PICTURE NOT A PAINTING, JUST A PREPARATORY IMAGE.
FICTION (BASED ON A TRUE STORY)
GIVE IT ME SUNSHINE
In December of 1966, Morecambe & Wise appeared in pantomime at the Birmingham Hippodrome theatre. I should know because I was there… But I can’t really remember much about it, being 6 at the time. All I can remember is that sweets were thrown into the audience and I could not catch them as I was up in the gods… I.E. Top circle, which meant we missed out on the sweets. That’s the true bit. It is also true that Morecambe and Wise were taken around Samuels Jewellery Factory and were glad handed by all the Setters and Mounters. This was before Ratner’s took over Samuels, and the company was still synonymous with fine Jewellery, and not the tat that Ratner Famously denounced in later years.
Ratners jewellery chain has admitted for the first time that its business was decisively wounded when former chairman Gerald Ratner described one of its products as “total crap”.
Mr Ratner’s ill-judged comments accelerated a spiral of decline for Britain’s biggest jewellery group which plunged £122.3m into the red in the year to February and is to close 330 shops in Britain and the US.
The company, which now intends to move more upmarket, said the crash from profits a year earlier of £112.1 million was largely caused by the impact of recession, but a particularly poor performance from its 250-strong Ratners chain resulted from “adverse publicity” following Gerald Ratner’s infamous description of a decanter set sold by the group as “total crap”.
That’s the background. What follows is the fiction.
GIVE THAT ME SUNSHINE
One cold winter’s day in 1966, The Setters shop were hard at work,doing long hours getting the final rush of Jewellery out for the Christmas market. There was the usual badinage being thrown up and down the shop between the workers, mostly very sweary jokes at one another expense, as is the wont of Brummie chaps. The Light programme was blaring out on the shared radio. The Manager came into the shop and turned off the radio, and announced that they had visitors. All heads looked up from their benches and to their surprise they saw the diminutive figures of Morcambe and Wise, The then very successful comedians of the telly. They came in doing their usual spiel, The quick-witted repartee, The jokes about short fat hairy legs… You can’t see the join etc etc.
They came up to the first setter at the top bench, And he looked somewhat perplexed,
“Aren’t you small? You look much bigger on tv.
Morecambe: No we are not small, Just very far away… On telly we are much closer.
The setter smiled, but failed to recognise this as a joke. Morecambe turned to the others and aped a not all there sign about the first setter. The others all laughed. Ernie Wise, looked over the shoulder of another setter to see what he was actually doing.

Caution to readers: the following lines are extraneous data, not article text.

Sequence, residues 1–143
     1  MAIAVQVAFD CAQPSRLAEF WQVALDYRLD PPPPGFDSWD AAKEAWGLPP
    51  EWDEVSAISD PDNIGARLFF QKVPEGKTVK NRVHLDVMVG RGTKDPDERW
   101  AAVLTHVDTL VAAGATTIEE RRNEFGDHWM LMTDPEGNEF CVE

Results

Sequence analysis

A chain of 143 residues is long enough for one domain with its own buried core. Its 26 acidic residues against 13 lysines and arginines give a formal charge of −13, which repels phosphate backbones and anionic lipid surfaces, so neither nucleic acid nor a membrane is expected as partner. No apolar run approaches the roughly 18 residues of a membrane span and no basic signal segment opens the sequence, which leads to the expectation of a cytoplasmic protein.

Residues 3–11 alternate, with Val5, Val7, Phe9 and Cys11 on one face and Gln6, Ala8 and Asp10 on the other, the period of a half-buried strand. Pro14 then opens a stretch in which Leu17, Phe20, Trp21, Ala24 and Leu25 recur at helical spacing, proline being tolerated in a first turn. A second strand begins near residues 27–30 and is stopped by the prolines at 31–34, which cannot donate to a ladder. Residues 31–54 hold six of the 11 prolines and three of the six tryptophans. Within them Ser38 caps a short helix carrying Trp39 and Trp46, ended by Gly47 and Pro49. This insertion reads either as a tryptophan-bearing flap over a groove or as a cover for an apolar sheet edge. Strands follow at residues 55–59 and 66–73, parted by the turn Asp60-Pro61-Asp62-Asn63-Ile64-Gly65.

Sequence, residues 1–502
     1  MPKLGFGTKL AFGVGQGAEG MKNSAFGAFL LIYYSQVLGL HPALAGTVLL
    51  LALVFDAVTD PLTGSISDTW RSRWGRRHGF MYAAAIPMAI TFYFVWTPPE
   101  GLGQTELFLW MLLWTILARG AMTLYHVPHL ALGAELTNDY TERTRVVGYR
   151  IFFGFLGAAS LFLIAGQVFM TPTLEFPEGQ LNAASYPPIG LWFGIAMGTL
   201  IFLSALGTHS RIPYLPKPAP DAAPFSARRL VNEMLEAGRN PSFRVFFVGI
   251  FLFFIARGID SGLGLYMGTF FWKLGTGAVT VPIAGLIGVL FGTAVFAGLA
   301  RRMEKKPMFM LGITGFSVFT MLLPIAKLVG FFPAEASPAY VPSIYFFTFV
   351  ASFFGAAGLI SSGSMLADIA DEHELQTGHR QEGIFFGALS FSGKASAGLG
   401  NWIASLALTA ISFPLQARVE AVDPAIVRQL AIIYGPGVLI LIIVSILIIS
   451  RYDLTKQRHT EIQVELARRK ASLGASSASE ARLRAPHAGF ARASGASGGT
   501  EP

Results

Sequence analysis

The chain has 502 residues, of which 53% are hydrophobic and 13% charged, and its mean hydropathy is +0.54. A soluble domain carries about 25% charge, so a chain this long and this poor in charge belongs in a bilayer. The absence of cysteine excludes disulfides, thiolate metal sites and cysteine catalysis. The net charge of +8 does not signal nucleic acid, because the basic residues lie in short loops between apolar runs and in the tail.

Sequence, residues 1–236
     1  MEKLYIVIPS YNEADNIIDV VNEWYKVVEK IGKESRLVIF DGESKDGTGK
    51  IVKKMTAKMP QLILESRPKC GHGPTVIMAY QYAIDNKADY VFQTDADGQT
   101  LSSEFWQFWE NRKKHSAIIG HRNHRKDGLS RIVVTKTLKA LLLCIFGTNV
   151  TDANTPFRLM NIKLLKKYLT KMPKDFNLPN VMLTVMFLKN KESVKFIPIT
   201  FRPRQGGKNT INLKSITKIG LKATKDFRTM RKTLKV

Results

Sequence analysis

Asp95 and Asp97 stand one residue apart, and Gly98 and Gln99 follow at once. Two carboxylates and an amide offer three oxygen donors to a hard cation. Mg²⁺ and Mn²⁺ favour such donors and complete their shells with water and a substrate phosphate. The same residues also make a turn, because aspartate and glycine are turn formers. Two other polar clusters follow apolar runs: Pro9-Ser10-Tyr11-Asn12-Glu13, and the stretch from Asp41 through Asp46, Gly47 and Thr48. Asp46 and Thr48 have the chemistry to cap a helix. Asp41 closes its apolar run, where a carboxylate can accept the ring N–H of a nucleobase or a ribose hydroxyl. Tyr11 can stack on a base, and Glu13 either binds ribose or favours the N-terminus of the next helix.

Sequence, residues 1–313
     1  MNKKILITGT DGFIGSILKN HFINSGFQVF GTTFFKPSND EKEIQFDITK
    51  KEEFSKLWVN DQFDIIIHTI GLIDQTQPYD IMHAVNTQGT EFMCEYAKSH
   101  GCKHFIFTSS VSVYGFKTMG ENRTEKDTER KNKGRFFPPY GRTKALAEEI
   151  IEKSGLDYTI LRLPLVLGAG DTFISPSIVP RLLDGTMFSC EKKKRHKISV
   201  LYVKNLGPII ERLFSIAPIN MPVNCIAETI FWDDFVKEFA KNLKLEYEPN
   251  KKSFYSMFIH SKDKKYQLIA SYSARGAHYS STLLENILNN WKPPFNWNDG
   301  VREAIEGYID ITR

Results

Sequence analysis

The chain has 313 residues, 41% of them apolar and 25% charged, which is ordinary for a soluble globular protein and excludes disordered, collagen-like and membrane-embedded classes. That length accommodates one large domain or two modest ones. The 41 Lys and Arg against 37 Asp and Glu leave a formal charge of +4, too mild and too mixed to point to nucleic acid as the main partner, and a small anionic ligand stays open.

Wise: What’s that you are doing there?
Second setter : Its a opal.
Morecambe: Give me that sunshine! ( which was a play on one of their famous catch-phrases.
The setter held it up to show the comedian.
Morecambe looked at the ring and wondered how the stone was actually held in?
Morecambe: What’s holding the stone in? Do you use the same glue as Ernie does on his wig?
2nd Setter: No it’s not held in by glue. It’s burnished. It’s called Roman Setting.
Morecambe looked at the ring more closely, and then stuck the clams and ring in his pocket. Everyone laughed. The Manager in some consternation, asked for it back, and after mugging to the audience, theatrically searched his pockets before finding the said clams and giving them back to the setter.
Morecambe :Right anyone here got any children?
A few put up their hands. The duo then went around the setters who had put up their hands, and gave them tickets for the Saturday Matinee performance at the Birmingham Hippodrome. And that was it They waved, the setters clapped, and they went out.
The young setter who had been setting the opal, took it into his head that Morecambe really had really wanted the ring, so at the end of the day, he had slipped it into his pocket, thinking that when he took his two boys to the Matinee on Saturday, He could get to take them backstage and present Morecambe with the ring. He hadn’t really thought it through, but His boys would be so excited to the see the TV stars in real life, it would show them how much he loved them.
So, after the show, He took the two young boys with him to the stage door.
He spoke to the doorman,
“I’ve got something to deliver from Samuels, to Mr. Morecambe.”
The Doorman looked at him skeptically, but when he showed him the ring box. He let him in. The Setter and his boys were told to wait in the hallway, whilst the Doorman went to fetch Mr. Morecambe.
Eric came out, looking tired , and asked the setter what he had come for?
“I’ve got that ring for you, you know, the one you wanted from Samuels?”
“I didn’t want the ring, son, I was just messing around, just putting on a bit of a show.”
“Oh. God… What shall I do with it now?”
“I should take it back sunshine and hope no-one notices that you took it.”
A brush with celebrity can be a dangerous thing. He took it back on the next Monday morning. The ring had however been missed, and when they called him into the office, They didn’t not buy his story of taking it home to finish it, and summarily sacked him on the spot.
It has always been said that Opals are the most unlucky stones…